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Critical Theory as Metaphilosophy: Philosophy, Ideology and Truth The best way to show how Critical Theory offers a distinctive philosophical approach is to locate it historically in German Idealism and its aftermath. For Marx and his generation, Hegel was the last in the grand tradition of philosophical thought able to give us secure knowledge of humanity and history on its own.
Once reason was thoroughly socialized and made historical, historicist skepticism emerged at the same time, attempting to relativize philosophical claims about norms and reason to historically and culturally variable forms of life.
Critical Theory developed a nonskeptical version of this conception, linking philosophy closely to the human and social sciences.
In so doing, it can link empirical and interpretive social science to normative claims of truth, morality and justice, traditionally the purview of philosophy. While it defends the emphasis on normativity and universalist ambitions found in the philosophical tradition, it does so within the context of particular sorts of empirical social research, with which it has to cooperate if it is to understand such normative claims within the current historical context.
After presenting the two main versions of this conception of philosophy, I turn to an illuminating example of how this cooperative relation between philosophy and the social sciences works from the point of view of the main figures in Critical Theory who sought to develop it: Even if Critical Theorists are united in a common philosophical project, this example shows the large differences between the first and second generation concerning the normative justification of social criticism.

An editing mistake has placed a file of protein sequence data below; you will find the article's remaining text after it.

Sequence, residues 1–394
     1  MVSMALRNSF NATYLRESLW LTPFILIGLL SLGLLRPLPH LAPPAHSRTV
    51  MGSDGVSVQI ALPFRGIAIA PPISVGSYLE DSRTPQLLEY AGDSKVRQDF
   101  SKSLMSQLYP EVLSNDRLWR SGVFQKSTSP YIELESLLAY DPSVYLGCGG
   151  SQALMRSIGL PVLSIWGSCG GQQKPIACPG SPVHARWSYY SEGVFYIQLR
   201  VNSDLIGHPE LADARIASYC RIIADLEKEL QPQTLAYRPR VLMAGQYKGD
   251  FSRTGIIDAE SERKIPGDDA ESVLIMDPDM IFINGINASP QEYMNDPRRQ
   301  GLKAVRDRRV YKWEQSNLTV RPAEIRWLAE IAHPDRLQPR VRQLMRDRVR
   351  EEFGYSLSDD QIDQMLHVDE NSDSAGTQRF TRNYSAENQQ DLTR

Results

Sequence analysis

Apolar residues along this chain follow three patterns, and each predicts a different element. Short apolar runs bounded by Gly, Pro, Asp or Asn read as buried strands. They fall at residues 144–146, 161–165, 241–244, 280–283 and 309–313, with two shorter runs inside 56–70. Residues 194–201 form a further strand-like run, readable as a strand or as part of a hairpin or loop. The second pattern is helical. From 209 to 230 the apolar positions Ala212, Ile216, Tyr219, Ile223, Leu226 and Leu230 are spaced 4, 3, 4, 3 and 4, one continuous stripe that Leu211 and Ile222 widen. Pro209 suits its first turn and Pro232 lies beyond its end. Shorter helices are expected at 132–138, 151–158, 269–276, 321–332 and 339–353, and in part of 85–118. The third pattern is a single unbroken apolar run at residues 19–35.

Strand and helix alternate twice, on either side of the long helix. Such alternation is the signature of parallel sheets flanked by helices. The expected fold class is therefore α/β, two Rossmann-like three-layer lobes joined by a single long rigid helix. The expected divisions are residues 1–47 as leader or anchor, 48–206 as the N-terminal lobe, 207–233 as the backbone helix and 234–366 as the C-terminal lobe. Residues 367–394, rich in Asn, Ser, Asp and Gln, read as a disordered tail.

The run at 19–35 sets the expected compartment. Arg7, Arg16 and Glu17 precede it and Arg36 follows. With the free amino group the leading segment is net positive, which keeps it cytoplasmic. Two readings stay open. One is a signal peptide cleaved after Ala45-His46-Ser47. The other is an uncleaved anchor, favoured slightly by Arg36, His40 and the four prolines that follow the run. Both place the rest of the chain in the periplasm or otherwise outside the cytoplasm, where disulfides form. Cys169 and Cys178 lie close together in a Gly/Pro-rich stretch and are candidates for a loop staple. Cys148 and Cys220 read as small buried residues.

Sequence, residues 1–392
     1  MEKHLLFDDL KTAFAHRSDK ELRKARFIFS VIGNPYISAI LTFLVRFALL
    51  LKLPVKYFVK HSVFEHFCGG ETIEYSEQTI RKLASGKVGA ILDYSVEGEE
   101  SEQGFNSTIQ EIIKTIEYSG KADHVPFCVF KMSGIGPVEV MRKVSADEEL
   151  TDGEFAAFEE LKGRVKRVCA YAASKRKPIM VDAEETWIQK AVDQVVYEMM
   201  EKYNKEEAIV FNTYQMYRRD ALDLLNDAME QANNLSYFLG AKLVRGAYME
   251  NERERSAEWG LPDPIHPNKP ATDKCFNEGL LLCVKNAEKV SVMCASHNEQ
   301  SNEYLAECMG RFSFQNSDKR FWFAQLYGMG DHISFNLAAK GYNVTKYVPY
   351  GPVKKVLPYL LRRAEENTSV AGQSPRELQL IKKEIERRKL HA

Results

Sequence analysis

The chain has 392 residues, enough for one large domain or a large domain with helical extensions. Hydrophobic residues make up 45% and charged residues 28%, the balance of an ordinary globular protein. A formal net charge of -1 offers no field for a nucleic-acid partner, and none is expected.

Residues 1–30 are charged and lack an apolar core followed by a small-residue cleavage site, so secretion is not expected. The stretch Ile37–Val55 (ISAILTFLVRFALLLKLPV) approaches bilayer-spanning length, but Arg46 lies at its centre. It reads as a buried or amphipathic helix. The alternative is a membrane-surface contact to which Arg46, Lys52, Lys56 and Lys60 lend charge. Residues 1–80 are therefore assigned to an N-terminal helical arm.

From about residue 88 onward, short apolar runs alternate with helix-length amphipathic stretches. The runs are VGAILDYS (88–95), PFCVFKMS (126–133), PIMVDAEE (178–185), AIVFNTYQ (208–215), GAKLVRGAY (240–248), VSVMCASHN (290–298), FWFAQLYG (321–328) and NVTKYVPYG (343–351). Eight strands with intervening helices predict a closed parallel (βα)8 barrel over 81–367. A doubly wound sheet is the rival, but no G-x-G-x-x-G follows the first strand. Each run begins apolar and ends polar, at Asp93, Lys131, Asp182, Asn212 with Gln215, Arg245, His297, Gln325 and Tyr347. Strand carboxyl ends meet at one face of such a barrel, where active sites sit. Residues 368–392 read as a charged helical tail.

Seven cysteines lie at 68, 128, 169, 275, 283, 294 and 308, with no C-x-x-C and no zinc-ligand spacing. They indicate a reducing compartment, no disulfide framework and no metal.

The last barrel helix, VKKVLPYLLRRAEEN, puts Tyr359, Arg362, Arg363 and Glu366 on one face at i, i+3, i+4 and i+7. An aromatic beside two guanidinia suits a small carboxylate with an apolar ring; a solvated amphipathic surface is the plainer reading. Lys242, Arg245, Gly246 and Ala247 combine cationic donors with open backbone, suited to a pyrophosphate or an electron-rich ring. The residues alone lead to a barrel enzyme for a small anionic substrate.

In the modern era, philosophy defines its distinctive role in relation to the sciences. As Rorty and others have put it, transcendental philosophy has two distinct roles: In light of this ability to judge the results of the sciences, philosophy can also organize knowledge, assigning to each of them their proper sphere and scope.
The Kantian solution denies the need for direct cooperation with the sciences on issues related to normativity, since these were determined independently through transcendental analysis of the universal and necessary conditions for reason in its theoretical and practical employment. Echoes of the subsequent post-Hegelian criticisms of Kantian transcendental philosophy are found in the early work of Horkheimer and Marcuse.
As Horkheimer understood the task of Critical Theory, philosophical problems are preserved by taking a role in defining problems for research, and philosophical reflection retains a privileged role in organizing the results of empirical research into a unified whole.
This understanding of the relation of philosophy and the sciences remains broadly Kantian.
Even while rejecting the role of philosophy as transcendental judge, he still endorses its normative role, to the extent that it still has the capacity to organize the claims of empirical forms of knowledge and to assign each a role in the normative enterprise of reflection on historically and socially contextualized reason.
This unstable mixture of naturalism with a normative philosophical orientation informed much of the critical social science of the Frankfurt School in the s.